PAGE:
Although there are criticisms of various aspects of quality control in Australia’s international education,12 empirical studies reveal the experience of studying in Australia has long-term benefits for Chinese international students. For example, according to a 2016 study focusing on a leading Australian university, the majority of highly skilled returned graduates from the English-speaking environment ‘retain an advantage in China’s crowded graduate labour market’ even if the situation has grown significantly more competitive than it was in former times, when graduates of well-regarded foreign universities could quickly gain access to prestigious positions.13 Intercultural competence and the diversification of social networks are of value back in China more generally.14 For many, studying abroad is also a means of pursuing what Vanessa Fong describes as ‘social, cultural, and sometimes legal citizenship in the developed world’.15

The Re-Bordered World

ANU graduates in front of the ANU School of Art and Design.

Graduates from English-speaking countries ‘retain an advantage in China’s crowded graduate labour market’ Source: ANU Image Library, Flickr

In an effort to prevent the spread of COVID-19, on 1 February, Australia introduced strict travel bans prohibiting the arrival of non-citizens and non-residents travelling from anywhere in China. This expanded a previous ban on travel from Hubei province, the epicentre of the COVID-19 outbreak at that time. Approximately two-thirds of Australia’s Chinese students were now ‘stuck at home’.16 In early March, I surveyed approximately 150 Chinese international students who were enrolled in a unit that I was teaching. Sixty-three students reported that they were physically in Australia, while fifteen students were on their way to Australia via a third country; before the 20 March closure, it was legal for them to enter if they stayed fourteen or more days in a third country. Most of the remaining students were still in mainland China.17 Australia’s travel ban was extended to other countries, including Iran, South Korea, and Italy, and then, on 20 March, to all non-citizens and non-residents regardless of their place of departure. In October, the Australian government indicated that the border closures might remain in place through to the end of 2021.18

On 24 August, 27 percent of the 307,038 student visa–holders enrolled in Australian higher education institutions remained outside Australia.19 As of 1 November, just over half of the 85,612 Chinese international students enrolled in Australian universities and schools remained offshore.20 Although many of these students continued their study through remote learning, they lost access to many of the opportunities associated with studying abroad, which, under normal circumstances, would have been indispensable components of their international education. The indefinite nature of the travel bans imposed extensive uncertainty on them as well. It added mental, physical, and financial pressures on those Chinese (and other international) students caught outside the country, as well as those trapped in Australia, who suffered reduced opportunities for part-time employment and were separated from their families. Many Chinese international students experienced three crises simultaneously.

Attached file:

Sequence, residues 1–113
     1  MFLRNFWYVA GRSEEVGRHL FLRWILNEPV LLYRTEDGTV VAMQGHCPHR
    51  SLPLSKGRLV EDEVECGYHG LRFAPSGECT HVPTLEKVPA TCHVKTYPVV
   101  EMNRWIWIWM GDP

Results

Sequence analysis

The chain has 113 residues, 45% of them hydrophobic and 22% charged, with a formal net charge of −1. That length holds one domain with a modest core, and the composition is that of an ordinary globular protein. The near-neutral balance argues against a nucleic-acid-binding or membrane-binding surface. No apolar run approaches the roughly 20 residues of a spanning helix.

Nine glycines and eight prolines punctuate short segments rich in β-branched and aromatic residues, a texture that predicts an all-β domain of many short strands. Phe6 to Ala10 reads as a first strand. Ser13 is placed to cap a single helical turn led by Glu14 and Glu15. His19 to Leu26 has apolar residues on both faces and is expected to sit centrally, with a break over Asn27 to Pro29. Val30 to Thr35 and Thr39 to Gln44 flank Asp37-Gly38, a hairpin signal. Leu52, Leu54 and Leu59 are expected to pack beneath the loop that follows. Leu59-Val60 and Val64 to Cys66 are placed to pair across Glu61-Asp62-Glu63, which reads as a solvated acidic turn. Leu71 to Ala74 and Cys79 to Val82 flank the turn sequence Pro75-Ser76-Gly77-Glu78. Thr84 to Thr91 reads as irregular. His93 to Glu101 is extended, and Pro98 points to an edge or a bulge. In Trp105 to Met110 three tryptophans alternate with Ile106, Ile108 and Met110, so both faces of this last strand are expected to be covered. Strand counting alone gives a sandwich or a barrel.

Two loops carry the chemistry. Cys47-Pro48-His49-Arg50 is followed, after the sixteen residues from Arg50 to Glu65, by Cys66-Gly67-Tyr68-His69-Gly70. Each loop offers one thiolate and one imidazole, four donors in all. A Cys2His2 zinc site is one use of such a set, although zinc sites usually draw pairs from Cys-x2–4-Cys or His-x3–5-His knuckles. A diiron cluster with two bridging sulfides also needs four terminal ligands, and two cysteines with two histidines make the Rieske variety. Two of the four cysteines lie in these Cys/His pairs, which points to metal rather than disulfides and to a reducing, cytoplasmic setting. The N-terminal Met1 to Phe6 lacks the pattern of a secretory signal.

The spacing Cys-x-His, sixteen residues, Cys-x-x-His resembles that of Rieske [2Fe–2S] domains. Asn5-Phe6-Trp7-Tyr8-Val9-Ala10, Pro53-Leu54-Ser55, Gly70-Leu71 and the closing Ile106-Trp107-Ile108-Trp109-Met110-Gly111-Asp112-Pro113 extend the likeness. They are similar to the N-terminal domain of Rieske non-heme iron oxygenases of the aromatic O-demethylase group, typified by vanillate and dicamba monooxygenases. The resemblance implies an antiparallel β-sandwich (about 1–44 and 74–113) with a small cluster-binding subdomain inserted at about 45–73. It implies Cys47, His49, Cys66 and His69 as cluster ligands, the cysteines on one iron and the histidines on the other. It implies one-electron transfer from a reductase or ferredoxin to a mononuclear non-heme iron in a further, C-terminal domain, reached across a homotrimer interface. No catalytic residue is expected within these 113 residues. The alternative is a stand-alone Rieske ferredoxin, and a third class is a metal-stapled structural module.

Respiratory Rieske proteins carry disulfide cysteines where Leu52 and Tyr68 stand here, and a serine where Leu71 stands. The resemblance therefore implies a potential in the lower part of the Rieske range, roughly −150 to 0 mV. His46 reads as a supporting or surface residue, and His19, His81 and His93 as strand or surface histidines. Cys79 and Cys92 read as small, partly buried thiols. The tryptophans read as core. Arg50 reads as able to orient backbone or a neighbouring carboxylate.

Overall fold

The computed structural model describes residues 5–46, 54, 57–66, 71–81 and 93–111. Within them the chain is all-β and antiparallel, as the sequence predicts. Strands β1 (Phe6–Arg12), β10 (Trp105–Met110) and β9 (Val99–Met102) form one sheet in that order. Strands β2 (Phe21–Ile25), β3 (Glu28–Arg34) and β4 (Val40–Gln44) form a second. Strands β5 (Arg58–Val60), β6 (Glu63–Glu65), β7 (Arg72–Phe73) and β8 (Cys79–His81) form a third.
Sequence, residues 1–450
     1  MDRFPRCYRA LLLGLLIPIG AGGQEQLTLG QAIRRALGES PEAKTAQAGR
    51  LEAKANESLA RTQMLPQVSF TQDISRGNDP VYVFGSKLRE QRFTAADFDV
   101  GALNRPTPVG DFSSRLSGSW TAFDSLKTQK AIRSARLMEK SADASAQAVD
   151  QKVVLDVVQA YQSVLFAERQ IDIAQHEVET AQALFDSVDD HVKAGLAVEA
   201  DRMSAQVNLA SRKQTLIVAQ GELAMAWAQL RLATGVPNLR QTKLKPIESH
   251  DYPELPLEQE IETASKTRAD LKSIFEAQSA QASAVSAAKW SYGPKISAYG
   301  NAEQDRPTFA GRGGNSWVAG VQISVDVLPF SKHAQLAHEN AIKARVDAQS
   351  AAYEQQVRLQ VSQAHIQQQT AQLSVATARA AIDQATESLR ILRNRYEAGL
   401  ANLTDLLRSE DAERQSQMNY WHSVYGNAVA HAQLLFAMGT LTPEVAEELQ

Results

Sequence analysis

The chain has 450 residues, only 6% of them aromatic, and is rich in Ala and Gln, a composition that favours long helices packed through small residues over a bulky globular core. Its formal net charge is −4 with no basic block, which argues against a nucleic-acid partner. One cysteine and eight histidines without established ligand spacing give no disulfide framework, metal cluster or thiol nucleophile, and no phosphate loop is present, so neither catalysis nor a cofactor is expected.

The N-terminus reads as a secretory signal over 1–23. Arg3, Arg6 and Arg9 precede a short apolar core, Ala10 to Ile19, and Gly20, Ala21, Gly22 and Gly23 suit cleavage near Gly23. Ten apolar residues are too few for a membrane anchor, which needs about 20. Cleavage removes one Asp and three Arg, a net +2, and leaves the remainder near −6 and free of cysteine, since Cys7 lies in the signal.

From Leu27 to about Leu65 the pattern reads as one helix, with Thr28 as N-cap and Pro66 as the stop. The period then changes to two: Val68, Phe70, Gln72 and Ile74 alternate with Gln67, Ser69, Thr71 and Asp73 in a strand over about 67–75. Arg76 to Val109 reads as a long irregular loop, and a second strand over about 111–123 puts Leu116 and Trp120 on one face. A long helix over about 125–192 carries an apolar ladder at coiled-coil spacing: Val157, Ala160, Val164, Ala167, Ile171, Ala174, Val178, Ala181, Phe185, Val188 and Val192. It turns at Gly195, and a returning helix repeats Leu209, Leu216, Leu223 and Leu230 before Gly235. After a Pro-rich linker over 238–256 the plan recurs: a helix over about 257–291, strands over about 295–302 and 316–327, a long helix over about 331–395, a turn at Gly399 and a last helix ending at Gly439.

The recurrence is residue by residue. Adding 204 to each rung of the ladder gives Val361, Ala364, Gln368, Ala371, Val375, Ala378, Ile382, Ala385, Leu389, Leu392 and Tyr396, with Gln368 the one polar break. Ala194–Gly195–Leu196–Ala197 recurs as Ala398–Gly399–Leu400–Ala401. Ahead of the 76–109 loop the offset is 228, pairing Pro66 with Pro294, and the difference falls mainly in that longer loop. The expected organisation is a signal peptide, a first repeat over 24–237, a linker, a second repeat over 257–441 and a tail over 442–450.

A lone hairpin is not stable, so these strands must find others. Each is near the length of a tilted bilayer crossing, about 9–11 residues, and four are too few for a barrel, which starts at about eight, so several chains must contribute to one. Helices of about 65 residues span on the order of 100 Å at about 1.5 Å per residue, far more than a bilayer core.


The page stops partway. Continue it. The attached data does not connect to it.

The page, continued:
Crises of Study, Life, and Direction

View of Thai landscape from a plane.

Many Chinese international students made the choice of flying back to Australia via a third country, such as Malaysia or Thailand.
Source: Izzie Renne, Unsplash

Beginning in late February, the world that was once closely connected by transnational and transcontinental flights fragmented into fortified national islands. Travel restrictions, quarantine requirements, and the grounding of most commercial passenger flights meant that most people were stuck where they were when the new rules were put in place. After Australia closed its borders, many Chinese international students had to make a painful choice between flying back to Australia via a third country or staying in China until further notice. Entering via a third country, such as Malaysia or Thailand, made the journey expensive and stressful. Some of my students who eventually made it back to Australia under those circumstances felt that having to layover in another country put them at significantly higher risk of catching COVID-19 in these third countries than if they had been allowed to fly directly to Australia from areas in China that were mostly free of COVID-19. Indeed, in early March 2020, a Chinese international student at the University of Queensland tested positive for the virus shortly after arriving in Brisbane following a two-week stay in Dubai.21